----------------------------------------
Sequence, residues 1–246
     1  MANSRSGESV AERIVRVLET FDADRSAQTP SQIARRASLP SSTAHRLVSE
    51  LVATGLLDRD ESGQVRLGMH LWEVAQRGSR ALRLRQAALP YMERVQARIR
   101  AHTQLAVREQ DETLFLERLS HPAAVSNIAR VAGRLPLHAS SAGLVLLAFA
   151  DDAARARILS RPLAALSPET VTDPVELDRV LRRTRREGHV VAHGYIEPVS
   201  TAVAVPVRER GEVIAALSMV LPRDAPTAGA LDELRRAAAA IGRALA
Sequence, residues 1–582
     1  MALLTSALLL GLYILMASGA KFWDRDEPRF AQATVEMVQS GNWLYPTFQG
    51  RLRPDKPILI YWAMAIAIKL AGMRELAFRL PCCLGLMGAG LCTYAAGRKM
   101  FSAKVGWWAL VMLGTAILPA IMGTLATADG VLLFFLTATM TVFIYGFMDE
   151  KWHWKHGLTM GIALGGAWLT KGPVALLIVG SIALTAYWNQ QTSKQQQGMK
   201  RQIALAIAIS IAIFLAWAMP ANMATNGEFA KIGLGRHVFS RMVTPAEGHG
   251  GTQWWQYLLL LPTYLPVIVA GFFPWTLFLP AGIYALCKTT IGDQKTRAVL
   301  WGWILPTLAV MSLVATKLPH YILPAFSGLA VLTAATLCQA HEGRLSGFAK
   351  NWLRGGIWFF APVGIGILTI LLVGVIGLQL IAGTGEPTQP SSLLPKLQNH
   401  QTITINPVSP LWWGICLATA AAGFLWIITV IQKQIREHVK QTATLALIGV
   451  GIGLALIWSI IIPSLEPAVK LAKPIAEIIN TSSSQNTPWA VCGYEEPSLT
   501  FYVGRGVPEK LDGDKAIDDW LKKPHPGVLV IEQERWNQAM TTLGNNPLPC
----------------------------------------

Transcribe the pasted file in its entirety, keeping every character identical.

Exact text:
Sequence, residues 1–246
     1  MANSRSGESV AERIVRVLET FDADRSAQTP SQIARRASLP SSTAHRLVSE
    51  LVATGLLDRD ESGQVRLGMH LWEVAQRGSR ALRLRQAALP YMERVQARIR
   101  AHTQLAVREQ DETLFLERLS HPAAVSNIAR VAGRLPLHAS SAGLVLLAFA
   151  DDAARARILS RPLAALSPET VTDPVELDRV LRRTRREGHV VAHGYIEPVS
   201  TAVAVPVRER GEVIAALSMV LPRDAPTAGA LDELRRAAAA IGRALA
Sequence, residues 1–582
     1  MALLTSALLL GLYILMASGA KFWDRDEPRF AQATVEMVQS GNWLYPTFQG
    51  RLRPDKPILI YWAMAIAIKL AGMRELAFRL PCCLGLMGAG LCTYAAGRKM
   101  FSAKVGWWAL VMLGTAILPA IMGTLATADG VLLFFLTATM TVFIYGFMDE
   151  KWHWKHGLTM GIALGGAWLT KGPVALLIVG SIALTAYWNQ QTSKQQQGMK
   201  RQIALAIAIS IAIFLAWAMP ANMATNGEFA KIGLGRHVFS RMVTPAEGHG
   251  GTQWWQYLLL LPTYLPVIVA GFFPWTLFLP AGIYALCKTT IGDQKTRAVL
   301  WGWILPTLAV MSLVATKLPH YILPAFSGLA VLTAATLCQA HEGRLSGFAK
   351  NWLRGGIWFF APVGIGILTI LLVGVIGLQL IAGTGEPTQP SSLLPKLQNH
   401  QTITINPVSP LWWGICLATA AAGFLWIITV IQKQIREHVK QTATLALIGV
   451  GIGLALIWSI IIPSLEPAVK LAKPIAEIIN TSSSQNTPWA VCGYEEPSLT
   501  FYVGRGVPEK LDGDKAIDDW LKKPHPGVLV IEQERWNQAM TTLGNNPLPC